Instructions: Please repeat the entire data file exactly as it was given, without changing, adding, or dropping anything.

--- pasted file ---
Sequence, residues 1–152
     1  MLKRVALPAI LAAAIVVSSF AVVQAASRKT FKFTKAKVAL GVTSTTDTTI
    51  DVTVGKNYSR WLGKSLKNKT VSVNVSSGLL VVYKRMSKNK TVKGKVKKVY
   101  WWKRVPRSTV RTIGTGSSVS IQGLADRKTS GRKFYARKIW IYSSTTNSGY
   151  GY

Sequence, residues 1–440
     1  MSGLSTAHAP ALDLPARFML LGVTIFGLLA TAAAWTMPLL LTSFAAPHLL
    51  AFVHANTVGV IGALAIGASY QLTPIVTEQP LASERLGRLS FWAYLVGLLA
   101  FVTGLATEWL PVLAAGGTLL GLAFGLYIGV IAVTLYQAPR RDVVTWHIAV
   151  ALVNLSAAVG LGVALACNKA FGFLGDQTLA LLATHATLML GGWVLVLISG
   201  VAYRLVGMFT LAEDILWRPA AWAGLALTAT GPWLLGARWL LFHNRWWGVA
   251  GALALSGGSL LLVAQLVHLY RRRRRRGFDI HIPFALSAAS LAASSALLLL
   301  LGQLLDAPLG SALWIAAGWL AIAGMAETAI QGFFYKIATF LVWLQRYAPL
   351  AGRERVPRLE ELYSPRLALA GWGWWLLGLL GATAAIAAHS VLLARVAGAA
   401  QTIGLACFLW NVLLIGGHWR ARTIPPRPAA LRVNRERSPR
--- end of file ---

Sequence, residues 1–152
     1  MLKRVALPAI LAAAIVVSSF AVVQAASRKT FKFTKAKVAL GVTSTTDTTI
    51  DVTVGKNYSR WLGKSLKNKT VSVNVSSGLL VVYKRMSKNK TVKGKVKKVY
   101  WWKRVPRSTV RTIGTGSSVS IQGLADRKTS GRKFYARKIW IYSSTTNSGY
   151  GY

Sequence, residues 1–440
     1  MSGLSTAHAP ALDLPARFML LGVTIFGLLA TAAAWTMPLL LTSFAAPHLL
    51  AFVHANTVGV IGALAIGASY QLTPIVTEQP LASERLGRLS FWAYLVGLLA
   101  FVTGLATEWL PVLAAGGTLL GLAFGLYIGV IAVTLYQAPR RDVVTWHIAV
   151  ALVNLSAAVG LGVALACNKA FGFLGDQTLA LLATHATLML GGWVLVLISG
   201  VAYRLVGMFT LAEDILWRPA AWAGLALTAT GPWLLGARWL LFHNRWWGVA
   251  GALALSGGSL LLVAQLVHLY RRRRRRGFDI HIPFALSAAS LAASSALLLL
   301  LGQLLDAPLG SALWIAAGWL AIAGMAETAI QGFFYKIATF LVWLQRYAPL
   351  AGRERVPRLE ELYSPRLALA GWGWWLLGLL GATAAIAAHS VLLARVAGAA
   401  QTIGLACFLW NVLLIGGHWR ARTIPPRPAA LRVNRERSPR